I followed the instructions in this video.  Here are the exact parts I bought on Amazon for the conversion, and hoses to connect to RV and standard tanks.

  1. Propane Quick Connect Kit – Valve & Full Flow Plug, by Camco (item # 59853)
  2. Brass Pipe Fitting, 1/4" male to 1/8" male, by Anderson Metals (item # 706123-0402)
  3. Brass Pipe Fitting, 1/4" female to 1/8" female, by FasParts (part # FP119-BA)
  4. Pipe Joint Compound with PTFE, with brush, 4 ounces, by Oatey (item #31230)
  5. Low pressure quick-connect propane hose, 12 feet, by DozyAnt
  6. 1 lb to 20 lb propane adapter hose ( 1"-20 female to QCC1 female), 4 feet

Grand Mesa

In July we camped in Grand Mesa National Forest.

Red-tailed hawk

We often see hawks circling, and there's a nest on the other side of the golf course.  But this evening one decided to hang out on our gate for a while.  I'm pretty sure this is a red-tailed hawk.

Should all locks have keys? Phones, Castles, Encryption, and You.

Passing a law that requires companies to build devices with digital keyholes which only good-guys can use, is the same as passing a law that says the value of π (pi) must be exactly 3.

Here's an excellent short video about the literal impossibility of such laws, and the enormous risks of going ahead anyway.  Because unlike real-world keyholes where the bad-guy must be physically present at each keyhole they want to break through, in the digital world each bad-guy can simultaneously attack millions of digital keyholes from the other side of the world.  The end of the video says it best: "Anyone who says otherwise [that digital keyholes can be built which allow only angel good-guys while blocking demon bad-guys] is either ignorant of the mathematics, or less of an angel then they appear."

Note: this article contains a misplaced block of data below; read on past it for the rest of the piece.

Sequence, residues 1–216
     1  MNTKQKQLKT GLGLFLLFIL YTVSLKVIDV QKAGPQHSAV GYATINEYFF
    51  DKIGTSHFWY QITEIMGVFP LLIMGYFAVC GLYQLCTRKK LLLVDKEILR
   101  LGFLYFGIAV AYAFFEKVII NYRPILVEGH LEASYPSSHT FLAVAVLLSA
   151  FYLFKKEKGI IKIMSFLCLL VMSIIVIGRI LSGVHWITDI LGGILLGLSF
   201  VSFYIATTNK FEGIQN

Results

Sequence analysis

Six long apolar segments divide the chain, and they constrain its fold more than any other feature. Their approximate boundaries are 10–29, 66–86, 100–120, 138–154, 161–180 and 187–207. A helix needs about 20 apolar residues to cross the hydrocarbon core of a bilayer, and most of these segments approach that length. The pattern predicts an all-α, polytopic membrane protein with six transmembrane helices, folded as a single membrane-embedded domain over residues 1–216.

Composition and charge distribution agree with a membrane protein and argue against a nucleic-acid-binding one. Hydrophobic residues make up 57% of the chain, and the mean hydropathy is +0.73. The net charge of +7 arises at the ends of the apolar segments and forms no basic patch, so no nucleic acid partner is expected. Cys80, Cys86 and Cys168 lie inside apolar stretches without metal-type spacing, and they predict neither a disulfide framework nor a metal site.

There's no math in the video, just really good explanation.

Using ExifTool to make .mp4 video file dates match contents

I had a bunch of .mp4 and .3gpp video files whose file "create" and "last modified" filesystem dates did not match the meta data inside of the file, and this was causing problems because many apps use the filesystem dates when sorting video files (rather than using the metadata inside the video files).

I found ExifTool could fix this.  Using the ExifToolGUI I could fix them one at a time.  By using the ExifTool cmd-line tool I was able to change them all at once.   The biggest challenge was that most of the documentation was on how to modify the internal meta data, but I wanted to "copy" from the meta data to the filesystem timestamps.

The first trick is to figure out what the "tags" are for the internal metadata and the file system.   I found the ExifTool FAQ #24 which shows how to query for the times:

> exiftool -time:all -a -G0:1 -s MyVideo.mp4

[File:System]   FileModifyDate   : 2014:09:07 19:35:32-06:00
[File:System]   FileAccessDate   : 2015:10:24 22:55:22-06:00
[File:System]   FileCreateDate   : 2015:10:24 22:55:22-06:00
[QuickTime]     CreateDate       : 2013:09:14 00:52:38
[QuickTime]     ModifyDate       : 2013:09:14 00:52:38

From the above the CreateDate & ModifyDate are the internal meta data, and the FileModifyDate etc are the filesystem.

So to update the filesystem date to match the metadata CreateDate I used this command:

> exiftool "-CreateDate>FileModifyDate" MyVideo.mp4

To modify multiple files I used wild-cards on the filename, like *.mp4 to update all mp4 files in the current directory.


Related, to update the file system time for image files to match the meta data:

> exiftool "-DateTimeOriginal>FileModifyDate" MyPicture.jpg

Note that most apps know how to look into image metadata, so setting the filesystem dates is not as important as for video files.